The Swiss have it easy: they completely eliminated the ß (eszett or "sharp s") some years ago, but since we are teaching Standard German at Yabla, we should learn a few general rules about which words use s, ss, and ß.
1. Single s
There are no words in German that begin with ss or ß, so that rule is easy. A single s will usually come after the letters l, m, n and r when a vowel follows the s, with words such as: der Balsam (the balm), die Bremse (the brake), and sparsam (economical):
Das ist sehr sparsam!
This is very economical!
Caption 38, Der Trabi: Das Kultauto aus dem Osten
A single s will usually come before the letter p, with words such as raspeln (to grate), lispeln (to lisp), and die Knospe (the bud):
Knospen, Blätter oder Früchte von Platanen zum Beispiel…
Buds, leaves, or fruit from the plane trees, for example…
Caption 26, Freilebende Papageien: Überwintern in Wiesbaden
In most cases, only a single s will come before the letter t, with words such as die Liste (the list), pusten (slang: to blow), and prusten (to puff):
Dann will ich husten und will prusten und euer Haus zusammenpusten!
Then I'll huff and I'll puff and I'll blow your house down!
Caption 50, Märchen, Sagenhaft: Die drei kleinen Schweinchen
2. Double s
The double s is usually written only after a short vowel, with words such as das Schloss (the castle), ein bisschen (a little bit), and passend (fitting):
Eigentlich hätte es gar keine passendere Rolle für sie geben können.
Actually, there couldn't at all have been a more fitting role for her.
Caption 16: Christina Aguilera und Cher: in Deutschland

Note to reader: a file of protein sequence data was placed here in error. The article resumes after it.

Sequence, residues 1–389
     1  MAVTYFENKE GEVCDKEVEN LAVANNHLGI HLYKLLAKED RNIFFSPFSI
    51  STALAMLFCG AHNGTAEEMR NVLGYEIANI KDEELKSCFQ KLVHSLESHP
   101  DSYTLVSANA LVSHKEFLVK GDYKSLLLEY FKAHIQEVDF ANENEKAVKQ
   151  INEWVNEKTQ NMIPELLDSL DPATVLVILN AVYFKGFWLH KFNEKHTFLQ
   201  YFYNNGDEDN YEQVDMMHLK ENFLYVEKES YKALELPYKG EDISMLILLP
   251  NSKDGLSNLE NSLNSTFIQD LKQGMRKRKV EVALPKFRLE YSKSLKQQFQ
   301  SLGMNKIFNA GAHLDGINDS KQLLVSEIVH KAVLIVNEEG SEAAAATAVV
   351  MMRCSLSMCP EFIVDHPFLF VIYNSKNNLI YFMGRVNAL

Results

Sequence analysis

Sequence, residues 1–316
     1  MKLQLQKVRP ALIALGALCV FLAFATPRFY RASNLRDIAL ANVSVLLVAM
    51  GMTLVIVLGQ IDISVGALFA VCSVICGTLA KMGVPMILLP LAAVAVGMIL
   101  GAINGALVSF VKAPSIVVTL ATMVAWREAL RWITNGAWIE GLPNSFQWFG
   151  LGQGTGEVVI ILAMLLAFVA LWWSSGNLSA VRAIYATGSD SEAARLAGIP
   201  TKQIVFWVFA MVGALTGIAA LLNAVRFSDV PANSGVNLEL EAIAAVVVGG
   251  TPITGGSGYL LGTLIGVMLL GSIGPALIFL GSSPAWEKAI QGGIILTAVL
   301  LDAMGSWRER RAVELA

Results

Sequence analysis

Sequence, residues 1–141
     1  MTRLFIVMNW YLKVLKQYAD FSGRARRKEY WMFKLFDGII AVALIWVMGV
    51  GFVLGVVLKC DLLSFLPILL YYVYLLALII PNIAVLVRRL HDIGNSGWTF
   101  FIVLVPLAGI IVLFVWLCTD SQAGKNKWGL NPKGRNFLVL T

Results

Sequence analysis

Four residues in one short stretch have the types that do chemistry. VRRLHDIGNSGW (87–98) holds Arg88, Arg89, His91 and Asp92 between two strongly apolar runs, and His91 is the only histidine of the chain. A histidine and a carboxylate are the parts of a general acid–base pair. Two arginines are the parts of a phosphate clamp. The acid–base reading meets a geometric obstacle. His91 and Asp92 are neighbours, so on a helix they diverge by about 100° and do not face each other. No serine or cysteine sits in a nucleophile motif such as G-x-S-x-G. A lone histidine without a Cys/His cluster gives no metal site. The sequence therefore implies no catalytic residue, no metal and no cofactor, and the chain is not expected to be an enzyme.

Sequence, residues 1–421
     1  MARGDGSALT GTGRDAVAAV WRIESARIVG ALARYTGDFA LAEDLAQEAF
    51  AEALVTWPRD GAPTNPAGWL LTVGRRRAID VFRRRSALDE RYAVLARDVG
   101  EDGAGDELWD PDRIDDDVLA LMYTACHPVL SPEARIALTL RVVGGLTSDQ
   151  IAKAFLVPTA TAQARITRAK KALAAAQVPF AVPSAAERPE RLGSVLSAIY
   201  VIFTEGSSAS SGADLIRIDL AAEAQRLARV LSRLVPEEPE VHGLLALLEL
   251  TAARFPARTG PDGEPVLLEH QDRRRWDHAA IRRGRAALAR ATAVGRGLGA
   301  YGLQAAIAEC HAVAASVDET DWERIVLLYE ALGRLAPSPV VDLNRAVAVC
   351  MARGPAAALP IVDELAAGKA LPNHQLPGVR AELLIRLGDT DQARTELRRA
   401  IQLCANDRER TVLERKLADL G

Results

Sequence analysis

3. Eszett: ß
The ß is usually used after a long vowel or double-vowel combination (dipthong), in words such as die Straße (the street), der Meißel (the chisel), and stoßen (to bump, to repel):
Gut, und die stoßen sich ab.
Good and they repel one another.
Caption 35, Das 1. Newtonsche Gesetz: erklärt am Beispiel des Dodomobils
4. Verbs that vary between ss and ß
Just to make it more complicated, there are some verbs that are written with ß in the infinitive, but switch to ss when conjugated — and vice versa too! For instance the verb vergessen (to forget) uses the letter ss in the infinitive and present tenses (ich vergesse, I forget), but switches to the ß in the past (preterite) tense:
Belle gewann das Biest so lieb, dass sie seine äußere Erscheinung darüber völlig vergaß.
Belle became so fond of the beast that she fully forgot about his outward appearance.
Captions 61-62, Märchen, Sagenhaft: Die Schöne und das Biest
Do a search on Yabla German and see if you can find some more examples of verbs that vary between ß and ss in their infinitives and their conjugations.